Posts Tagged ‘Cats’

Ashlyn’s Blog #2 – Osteoarthritis in Cats

Many pet owners believe it is normal for their older cat to sleep more and be less active, which is not the case. Osteoarthritis (OA), in cats is a very common condition with nearly 40% of all cats having clinical signs and greater than 90% of cats older than 12 years showing bone changes on x-rays. This condition is not exclusive to older cats, even cats as young as 2 years old can suffer from OA. However, the signs are usually not recognized by pet owners and the condition is underdiagnosed by the veterinary profession. In fact, only 13% of affected cats globally are being diagnosed. We understand that assessing cats for its presence and educating owners to recognize the signs is critical. Once the disease is identified the quality of life improves greatly because they no longer suffer from the pain and reduced mobility.

The most common signs are decreased agility and reduced mobility. Some behavioral changes are also common and usually associated with the cats’ decreased agility and reluctance to move around.

There are a few things that can be done to help your cat with OA. Including pain management, food supplements and specific diets, weight reduction if needed, environmental modifications, exercise/physical therapy, and surgery.  There is a once monthly injectable that can help your cat get back to moving more freely again. It stops OA pain from disrupting the unique bond they share with you. It is easy to give and tolerated really well. If you think your cat may have OA pain please make an appointment and ask your veterinarian about this option.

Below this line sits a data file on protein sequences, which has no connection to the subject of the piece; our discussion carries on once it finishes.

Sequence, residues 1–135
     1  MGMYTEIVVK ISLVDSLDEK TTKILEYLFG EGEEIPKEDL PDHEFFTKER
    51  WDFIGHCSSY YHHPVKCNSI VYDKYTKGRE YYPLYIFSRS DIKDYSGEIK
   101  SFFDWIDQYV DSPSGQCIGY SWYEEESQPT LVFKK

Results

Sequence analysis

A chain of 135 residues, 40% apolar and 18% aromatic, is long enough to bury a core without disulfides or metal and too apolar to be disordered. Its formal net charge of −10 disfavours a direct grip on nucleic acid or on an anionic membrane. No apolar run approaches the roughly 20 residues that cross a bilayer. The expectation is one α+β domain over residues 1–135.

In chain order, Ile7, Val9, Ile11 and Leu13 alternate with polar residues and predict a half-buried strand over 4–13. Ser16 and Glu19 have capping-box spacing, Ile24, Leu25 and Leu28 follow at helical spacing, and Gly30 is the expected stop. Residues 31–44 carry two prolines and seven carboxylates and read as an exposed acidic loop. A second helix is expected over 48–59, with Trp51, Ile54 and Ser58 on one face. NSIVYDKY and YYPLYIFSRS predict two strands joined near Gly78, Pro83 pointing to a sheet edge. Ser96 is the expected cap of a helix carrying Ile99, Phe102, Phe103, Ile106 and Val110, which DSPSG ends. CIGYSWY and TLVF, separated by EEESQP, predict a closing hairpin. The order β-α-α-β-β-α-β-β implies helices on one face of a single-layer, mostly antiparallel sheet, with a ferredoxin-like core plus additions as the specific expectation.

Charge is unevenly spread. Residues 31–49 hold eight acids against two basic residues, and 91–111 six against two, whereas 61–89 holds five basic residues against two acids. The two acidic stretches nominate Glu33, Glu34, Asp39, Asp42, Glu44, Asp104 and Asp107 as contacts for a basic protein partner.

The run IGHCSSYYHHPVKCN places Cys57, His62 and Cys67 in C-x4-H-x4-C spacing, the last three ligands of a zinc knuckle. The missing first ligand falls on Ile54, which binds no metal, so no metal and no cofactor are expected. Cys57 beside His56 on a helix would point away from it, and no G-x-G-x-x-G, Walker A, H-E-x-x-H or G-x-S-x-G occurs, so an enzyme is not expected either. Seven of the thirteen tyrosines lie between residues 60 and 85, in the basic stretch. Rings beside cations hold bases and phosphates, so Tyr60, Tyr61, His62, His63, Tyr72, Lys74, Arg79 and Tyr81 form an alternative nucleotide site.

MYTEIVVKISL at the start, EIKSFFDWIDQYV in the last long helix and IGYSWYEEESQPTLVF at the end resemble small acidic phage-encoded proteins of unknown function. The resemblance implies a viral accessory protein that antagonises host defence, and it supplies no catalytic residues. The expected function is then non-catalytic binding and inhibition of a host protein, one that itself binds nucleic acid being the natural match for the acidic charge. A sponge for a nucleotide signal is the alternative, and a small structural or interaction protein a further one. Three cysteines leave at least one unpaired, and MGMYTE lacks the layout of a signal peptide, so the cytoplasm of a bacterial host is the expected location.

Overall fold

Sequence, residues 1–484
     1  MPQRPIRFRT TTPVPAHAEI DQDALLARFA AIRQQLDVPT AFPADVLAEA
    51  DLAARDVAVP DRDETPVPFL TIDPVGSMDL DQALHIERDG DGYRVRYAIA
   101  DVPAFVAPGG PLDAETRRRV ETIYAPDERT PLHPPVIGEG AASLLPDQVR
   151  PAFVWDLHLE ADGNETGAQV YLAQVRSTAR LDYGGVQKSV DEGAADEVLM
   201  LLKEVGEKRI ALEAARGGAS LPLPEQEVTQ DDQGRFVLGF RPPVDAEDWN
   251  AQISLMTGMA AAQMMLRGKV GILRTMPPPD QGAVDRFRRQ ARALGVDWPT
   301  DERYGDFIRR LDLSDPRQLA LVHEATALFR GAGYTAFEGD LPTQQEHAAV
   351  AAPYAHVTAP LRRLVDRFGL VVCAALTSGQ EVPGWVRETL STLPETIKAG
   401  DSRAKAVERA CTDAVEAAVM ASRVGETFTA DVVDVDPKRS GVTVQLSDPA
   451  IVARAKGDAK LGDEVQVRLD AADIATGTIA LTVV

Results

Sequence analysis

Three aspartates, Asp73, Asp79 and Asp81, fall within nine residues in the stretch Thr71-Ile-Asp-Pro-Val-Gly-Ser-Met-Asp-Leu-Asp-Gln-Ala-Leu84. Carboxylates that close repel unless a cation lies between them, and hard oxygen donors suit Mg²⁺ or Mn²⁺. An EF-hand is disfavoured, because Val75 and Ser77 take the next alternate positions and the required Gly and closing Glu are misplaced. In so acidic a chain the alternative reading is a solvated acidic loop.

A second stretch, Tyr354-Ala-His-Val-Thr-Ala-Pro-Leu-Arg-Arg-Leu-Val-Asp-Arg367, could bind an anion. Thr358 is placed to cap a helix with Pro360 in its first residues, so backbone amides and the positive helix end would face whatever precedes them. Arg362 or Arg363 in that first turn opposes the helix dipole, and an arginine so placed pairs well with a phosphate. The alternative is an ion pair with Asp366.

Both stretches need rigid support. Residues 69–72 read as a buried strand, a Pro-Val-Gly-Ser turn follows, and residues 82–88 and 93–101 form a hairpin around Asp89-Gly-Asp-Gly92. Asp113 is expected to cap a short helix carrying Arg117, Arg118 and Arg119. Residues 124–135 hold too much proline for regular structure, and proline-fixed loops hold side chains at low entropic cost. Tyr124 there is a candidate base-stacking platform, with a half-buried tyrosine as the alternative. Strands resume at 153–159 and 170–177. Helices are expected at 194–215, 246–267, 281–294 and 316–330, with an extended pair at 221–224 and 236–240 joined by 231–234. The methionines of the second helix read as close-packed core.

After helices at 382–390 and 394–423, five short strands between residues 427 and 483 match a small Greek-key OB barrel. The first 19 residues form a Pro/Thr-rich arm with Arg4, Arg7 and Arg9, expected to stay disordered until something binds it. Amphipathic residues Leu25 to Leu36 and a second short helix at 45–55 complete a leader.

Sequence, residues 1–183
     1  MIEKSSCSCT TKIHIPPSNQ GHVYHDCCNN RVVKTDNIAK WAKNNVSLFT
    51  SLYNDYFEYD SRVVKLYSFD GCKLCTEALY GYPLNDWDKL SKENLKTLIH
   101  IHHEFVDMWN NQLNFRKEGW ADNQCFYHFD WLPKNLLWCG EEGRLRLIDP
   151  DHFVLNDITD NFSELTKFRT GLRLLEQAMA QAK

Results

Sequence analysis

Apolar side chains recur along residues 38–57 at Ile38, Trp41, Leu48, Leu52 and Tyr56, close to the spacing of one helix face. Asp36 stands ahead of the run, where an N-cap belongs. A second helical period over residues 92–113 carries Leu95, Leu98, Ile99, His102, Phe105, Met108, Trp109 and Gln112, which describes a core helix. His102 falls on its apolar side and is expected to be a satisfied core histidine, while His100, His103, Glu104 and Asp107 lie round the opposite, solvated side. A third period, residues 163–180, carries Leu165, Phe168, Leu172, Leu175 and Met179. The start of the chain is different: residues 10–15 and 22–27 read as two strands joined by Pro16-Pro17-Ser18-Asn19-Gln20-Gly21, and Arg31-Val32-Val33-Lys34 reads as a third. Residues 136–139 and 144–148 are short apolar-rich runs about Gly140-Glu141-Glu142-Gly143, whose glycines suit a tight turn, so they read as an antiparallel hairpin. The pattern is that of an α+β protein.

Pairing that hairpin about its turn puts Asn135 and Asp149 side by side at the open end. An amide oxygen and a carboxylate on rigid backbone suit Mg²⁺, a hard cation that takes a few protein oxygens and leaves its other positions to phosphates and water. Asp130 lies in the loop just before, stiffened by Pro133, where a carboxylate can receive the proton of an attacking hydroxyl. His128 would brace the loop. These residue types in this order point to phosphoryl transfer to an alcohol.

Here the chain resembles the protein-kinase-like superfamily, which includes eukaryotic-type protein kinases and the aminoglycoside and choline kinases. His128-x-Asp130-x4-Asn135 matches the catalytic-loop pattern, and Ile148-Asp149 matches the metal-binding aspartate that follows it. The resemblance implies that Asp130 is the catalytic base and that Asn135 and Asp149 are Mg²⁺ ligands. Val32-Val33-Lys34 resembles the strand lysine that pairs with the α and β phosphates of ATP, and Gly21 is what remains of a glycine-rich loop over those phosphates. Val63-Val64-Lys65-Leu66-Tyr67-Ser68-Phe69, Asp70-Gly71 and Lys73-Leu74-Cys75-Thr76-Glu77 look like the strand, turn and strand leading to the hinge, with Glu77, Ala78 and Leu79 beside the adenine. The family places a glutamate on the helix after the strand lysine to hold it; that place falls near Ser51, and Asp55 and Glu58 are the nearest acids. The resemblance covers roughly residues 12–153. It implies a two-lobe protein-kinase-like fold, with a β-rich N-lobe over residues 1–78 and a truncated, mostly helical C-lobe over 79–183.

November is Senior Pet Month

November is Senior Pet month at Westlock Vet Center

Here at Westlock Veterinary Center we are going to be celebrating Senior Pets for the month of November!

Did you know that when your pet reaches the age of 7 it is time to start having regular blood and urine screens done?

Aging is not a disease but it does increase the occurrence of certain conditions such as arthritis, kidney disease, heart disease, and cancer. Having regular screenings done may find a disease before your pet starts showing signs.

Mature animals are also at a higher risk for:

  • Obesity
  • muscle loss
  • renal disease
  • masses and tumours
  • cataracts
  • hypo or hyperthyroidism
  • diabetes
  • dental disease

The earlier your veterinarian diagnoses an underlying condition in your pet, the more options there will be to treat or manage the disease and give your pet a better quality of life.

Targeted nutrition can support your pet at his/her different stages of life. Based on the findings from your pet’s exam your veterinary team may advise a change to their nutrition.  Talk to your veterinarians or technicians about your pet’s health and we will find a diet that has been created to meet the needs of your individual cat or dog.

Fun fact: Dogs and cats age 5-8 times faster than humans, so dogs by age 7 and cats by age 10 are considered seniors.


Call today to book your pet a senior wellness exam at a discount for the month of November!

Wellness profile includes examination, blood work, & urinalysis.